By Sameer Hinduja and Justin W. Patchin
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1. Acknowledge the issue. As a parent, accept the reality that your child could be engaging in online behaviors that are hurting others. Rather than try to trivialize, rationalize, or ignore the problem at hand, you realize that anyone (including your own flesh and blood!) can be very cruel to others, given the right circumstances.
2. Remain calm. When addressing cyberbullying, try to discuss the issue in a level-headed manner without demonizing, disrespecting, or judging your child. Remember that your son or daughter isn’t the problem; it is the behavior. Deal with it, but treat them with dignity. Otherwise, they may lash out and retaliate if they feel attacked or victimized themselves, and no progress will be made.
3. Keep an open line of communication. Many youth engage in cyberbullying to get revenge for something someone else did first. Make sure that your kids know they can come to you and discuss issues they are having with peers (offline or online). Give kids the opportunity and skillset to solve interpersonal problems in appropriate ways, instead of resorting to revenge.
4. Stop the bullying. Goal #1 is to get the bullying to end and never happen again. Ensure that all instances of bullying are stopped immediately, regardless of who started it. No one deserves to be mistreated, for any reason, ever.
5. Understand the root of the problem. We hear that “hurt people hurt people.” It is critical to identify the reason(s) your child has acted out. Is it an unhealthy way of coping with stress in their life? Because they themselves are being victimized? Because there are no rules in place, and no threat of sanctions to deter them? Try to get to the bottom of the issue.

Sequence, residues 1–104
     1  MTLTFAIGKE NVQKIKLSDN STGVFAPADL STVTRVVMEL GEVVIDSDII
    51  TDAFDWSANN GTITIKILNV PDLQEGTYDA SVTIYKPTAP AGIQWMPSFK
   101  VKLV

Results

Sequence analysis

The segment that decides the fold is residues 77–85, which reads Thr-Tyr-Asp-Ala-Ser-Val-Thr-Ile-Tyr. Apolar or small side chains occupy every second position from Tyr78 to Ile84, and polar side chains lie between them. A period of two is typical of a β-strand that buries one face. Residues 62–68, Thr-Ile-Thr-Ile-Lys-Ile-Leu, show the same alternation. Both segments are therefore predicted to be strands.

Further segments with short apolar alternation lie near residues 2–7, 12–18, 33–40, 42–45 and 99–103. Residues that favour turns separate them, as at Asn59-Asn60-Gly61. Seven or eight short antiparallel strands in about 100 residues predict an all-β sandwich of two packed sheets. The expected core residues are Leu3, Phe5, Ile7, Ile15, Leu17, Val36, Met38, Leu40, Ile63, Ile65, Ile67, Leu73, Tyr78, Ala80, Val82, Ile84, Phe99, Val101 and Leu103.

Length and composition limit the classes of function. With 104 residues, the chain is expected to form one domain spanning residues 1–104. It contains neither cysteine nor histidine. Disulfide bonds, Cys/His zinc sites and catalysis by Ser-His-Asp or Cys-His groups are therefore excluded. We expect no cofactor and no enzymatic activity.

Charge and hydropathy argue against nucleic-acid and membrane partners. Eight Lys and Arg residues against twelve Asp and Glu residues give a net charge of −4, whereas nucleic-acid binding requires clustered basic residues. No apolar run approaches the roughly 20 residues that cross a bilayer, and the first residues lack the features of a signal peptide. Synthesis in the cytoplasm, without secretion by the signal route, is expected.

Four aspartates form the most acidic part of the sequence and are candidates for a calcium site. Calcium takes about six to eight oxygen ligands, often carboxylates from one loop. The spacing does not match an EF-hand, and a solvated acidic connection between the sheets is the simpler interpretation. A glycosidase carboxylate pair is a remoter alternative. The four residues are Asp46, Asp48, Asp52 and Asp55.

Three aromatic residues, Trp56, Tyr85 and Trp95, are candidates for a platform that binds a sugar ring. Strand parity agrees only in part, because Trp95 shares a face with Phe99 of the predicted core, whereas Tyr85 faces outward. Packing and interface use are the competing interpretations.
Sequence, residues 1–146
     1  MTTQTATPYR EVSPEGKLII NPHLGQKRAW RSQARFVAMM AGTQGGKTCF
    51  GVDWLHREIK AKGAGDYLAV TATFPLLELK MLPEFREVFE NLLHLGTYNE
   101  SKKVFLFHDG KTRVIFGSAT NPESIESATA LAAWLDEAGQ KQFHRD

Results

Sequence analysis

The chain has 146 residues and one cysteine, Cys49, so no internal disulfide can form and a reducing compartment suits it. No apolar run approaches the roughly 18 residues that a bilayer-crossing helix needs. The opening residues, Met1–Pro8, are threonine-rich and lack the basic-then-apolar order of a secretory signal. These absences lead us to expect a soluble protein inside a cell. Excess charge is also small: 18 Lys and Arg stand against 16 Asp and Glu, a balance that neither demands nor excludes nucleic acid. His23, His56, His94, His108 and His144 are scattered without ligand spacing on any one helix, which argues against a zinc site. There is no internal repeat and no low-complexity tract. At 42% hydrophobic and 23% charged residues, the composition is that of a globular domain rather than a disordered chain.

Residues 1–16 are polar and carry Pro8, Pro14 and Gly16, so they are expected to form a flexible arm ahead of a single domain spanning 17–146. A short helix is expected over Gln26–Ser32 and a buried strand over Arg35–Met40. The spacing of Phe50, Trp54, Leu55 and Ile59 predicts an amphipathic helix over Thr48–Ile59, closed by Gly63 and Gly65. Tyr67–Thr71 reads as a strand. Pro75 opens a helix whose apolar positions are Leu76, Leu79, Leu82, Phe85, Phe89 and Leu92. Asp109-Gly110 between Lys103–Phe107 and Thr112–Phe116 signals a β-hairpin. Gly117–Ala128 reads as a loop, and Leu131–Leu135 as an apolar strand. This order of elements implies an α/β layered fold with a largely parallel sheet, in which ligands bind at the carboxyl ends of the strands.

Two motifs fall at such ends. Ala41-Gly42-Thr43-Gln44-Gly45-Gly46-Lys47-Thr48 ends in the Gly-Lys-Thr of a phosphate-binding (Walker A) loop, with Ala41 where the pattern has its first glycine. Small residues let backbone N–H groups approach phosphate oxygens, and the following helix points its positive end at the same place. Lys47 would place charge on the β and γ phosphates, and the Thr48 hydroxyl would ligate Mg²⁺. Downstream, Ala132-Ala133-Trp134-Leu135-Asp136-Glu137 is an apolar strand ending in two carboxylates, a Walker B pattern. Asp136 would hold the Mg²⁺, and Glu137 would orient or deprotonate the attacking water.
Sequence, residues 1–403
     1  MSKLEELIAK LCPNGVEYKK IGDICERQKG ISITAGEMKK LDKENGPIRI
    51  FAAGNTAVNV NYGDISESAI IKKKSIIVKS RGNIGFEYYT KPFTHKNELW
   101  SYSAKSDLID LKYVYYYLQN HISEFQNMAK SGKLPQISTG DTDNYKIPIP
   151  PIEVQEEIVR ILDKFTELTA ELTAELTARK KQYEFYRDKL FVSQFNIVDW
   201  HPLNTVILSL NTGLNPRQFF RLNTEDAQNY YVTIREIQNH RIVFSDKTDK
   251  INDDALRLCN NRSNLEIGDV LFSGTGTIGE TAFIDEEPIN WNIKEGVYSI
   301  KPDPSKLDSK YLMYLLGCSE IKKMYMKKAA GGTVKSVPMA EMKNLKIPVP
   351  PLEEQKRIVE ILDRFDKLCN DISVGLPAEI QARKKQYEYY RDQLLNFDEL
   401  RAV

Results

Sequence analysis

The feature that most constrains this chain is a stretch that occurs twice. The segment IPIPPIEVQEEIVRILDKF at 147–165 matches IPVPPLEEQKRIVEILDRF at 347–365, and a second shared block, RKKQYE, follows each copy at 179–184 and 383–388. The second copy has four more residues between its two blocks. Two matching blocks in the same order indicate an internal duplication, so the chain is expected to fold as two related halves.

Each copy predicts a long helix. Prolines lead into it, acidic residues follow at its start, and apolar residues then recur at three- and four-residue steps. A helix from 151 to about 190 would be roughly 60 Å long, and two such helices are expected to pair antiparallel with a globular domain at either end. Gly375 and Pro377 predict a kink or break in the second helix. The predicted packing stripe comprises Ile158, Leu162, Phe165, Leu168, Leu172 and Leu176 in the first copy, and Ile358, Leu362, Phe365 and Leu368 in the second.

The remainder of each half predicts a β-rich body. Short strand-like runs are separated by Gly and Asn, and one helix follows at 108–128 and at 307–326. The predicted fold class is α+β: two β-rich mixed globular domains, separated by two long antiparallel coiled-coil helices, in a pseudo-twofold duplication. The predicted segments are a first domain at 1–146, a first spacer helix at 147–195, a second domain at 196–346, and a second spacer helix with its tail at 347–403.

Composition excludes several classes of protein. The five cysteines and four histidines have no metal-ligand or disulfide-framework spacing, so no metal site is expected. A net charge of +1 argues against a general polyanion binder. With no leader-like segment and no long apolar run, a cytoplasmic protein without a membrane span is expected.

6. Investigate. Take measures to thoroughly find out the extent of your child’s bullying. It could span multiple environments, websites, apps, and devices. It could be very direct and observable, or indirect and extremely subtle. Work to get to the bottom of what exactly happened.
7. Make children understand how targets feel. Explain the severity of cyberbullying and how it would feel to be on the receiving end of hate or harassment that specifically highlights the way your child would be hurt the most. Try to cultivate empathy and compassion in kids in creative and compelling ways, so that they really understand that we all have our sore spots, hot buttons, and vulnerabilities.
8. Set up parental controls. Monitor your child’s online activities, both formally and informally. This can be done through the installation of software or apps on their laptop, tablet, or phone. You should also routinely and randomly check their devices to see what they are doing, at least until you feel sure that they can be trusted.
9. Share your concerns. You are not the only parent who has ever faced these problems. Connect with others so that the entire community can rally around the issue and take a stand. This united front can help to create and promote a culture where all members of a peer group recognize that bullying is always wrong and not cool at all.
10. Stay educated. While we know that your lives are extremely busy, it is important that you take the time to continually learn about new technologies and sites that your kids (and their peers) are using. You should also know where to get help (start with cyberbullying.org), and interface with others (especially school staff) who have relevant experiences and strategies to share.
This document discusses considerations for parents who have children who have engaged in cyberbullying behaviors.
Citation information: Hinduja, S. & Patchin, J.W. (2015). What To Do When Your Child Cyberbullies Others: Top Tips for Parents. Cyberbullying Research Center. Retrieved (insert date), from http://cyberbullying.org/tips-for-parents-when-your-child-cyberbullies-others.pdf
Keywords: cyberbullying; parents; aggressor, offender, bully